Wednesday, February 6, 2008

Last in Translatiom

Yes, that was intentional.

An analyst on my team just showed me a document from a project on which she's working. We brought in an outside firm to help us develop a new method for approaching requirements gathering and documentation, so we're learning some new things. One of the things that we've done in the past, but not incredibly effectively, is creating customer personas (The documents say "personas," but my spell checker tells me I should use "personae.") that represent certain customer segments. In a hypothetical example, a bank may create a persona of "Randy," who is a 24-year old recent college graduate making $32,000/year, living in an apartment in the city, and who is driving a beat up car that he may replace within a year. "Sally" may be a 40-year old married woman with two children who makes $60,000/year, and who has concerns about having to take care of her aging parents.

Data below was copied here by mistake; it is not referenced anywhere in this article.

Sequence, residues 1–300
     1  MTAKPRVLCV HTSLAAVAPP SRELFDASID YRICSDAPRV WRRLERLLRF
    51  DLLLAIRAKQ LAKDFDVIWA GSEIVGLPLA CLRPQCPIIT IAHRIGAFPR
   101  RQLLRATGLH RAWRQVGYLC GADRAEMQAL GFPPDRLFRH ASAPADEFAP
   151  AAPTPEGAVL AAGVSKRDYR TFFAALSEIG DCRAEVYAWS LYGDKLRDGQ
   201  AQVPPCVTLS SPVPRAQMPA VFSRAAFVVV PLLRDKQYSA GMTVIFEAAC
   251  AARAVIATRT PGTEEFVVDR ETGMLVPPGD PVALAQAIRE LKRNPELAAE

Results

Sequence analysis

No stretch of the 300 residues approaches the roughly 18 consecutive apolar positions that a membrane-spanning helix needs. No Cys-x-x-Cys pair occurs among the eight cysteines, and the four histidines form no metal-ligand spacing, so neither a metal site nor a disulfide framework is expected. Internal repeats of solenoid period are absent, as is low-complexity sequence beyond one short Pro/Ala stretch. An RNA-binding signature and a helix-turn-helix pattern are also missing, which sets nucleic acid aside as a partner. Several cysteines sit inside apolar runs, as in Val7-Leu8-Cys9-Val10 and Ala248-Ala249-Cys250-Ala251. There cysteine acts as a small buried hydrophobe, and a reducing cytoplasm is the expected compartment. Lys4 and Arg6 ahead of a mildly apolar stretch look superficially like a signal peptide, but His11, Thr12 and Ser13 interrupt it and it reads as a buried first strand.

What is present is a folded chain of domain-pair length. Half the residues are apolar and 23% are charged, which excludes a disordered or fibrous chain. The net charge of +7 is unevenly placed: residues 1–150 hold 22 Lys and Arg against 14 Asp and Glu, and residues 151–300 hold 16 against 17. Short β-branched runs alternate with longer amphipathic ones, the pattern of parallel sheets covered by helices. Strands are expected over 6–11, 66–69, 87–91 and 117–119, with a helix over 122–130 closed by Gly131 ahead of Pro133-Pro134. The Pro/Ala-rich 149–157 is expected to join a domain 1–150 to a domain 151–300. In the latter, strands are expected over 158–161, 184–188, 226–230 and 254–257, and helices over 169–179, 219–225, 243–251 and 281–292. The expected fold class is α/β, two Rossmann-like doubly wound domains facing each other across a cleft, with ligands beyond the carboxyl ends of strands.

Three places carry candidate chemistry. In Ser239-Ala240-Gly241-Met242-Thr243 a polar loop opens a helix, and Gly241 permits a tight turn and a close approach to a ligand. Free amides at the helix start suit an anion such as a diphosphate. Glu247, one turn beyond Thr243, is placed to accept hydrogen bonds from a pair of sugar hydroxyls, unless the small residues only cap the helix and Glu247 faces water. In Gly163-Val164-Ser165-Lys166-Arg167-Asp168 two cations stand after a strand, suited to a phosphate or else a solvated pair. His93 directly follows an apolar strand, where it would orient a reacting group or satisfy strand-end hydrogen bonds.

Our customers are actually small businesses, so we had companies like the fictional law firm of Dewey, Cheetham and Howe, a company called Flora's Flowers, and a company called ABC Widgets. Unfortunately, but hilariously, the contractor who wrote up the document was introduced to American English later in life, and he made the last company's name "ABC Midgets."

Anything else I say here will likely get me in some sort of trouble.

1 comment:

Shay said...

I gave up using spellcheck many years ago, after a memo in which it changed the spelling of the last name of our Environmental Compliance Officer from Dixon to Dioxin.

Come to think of it....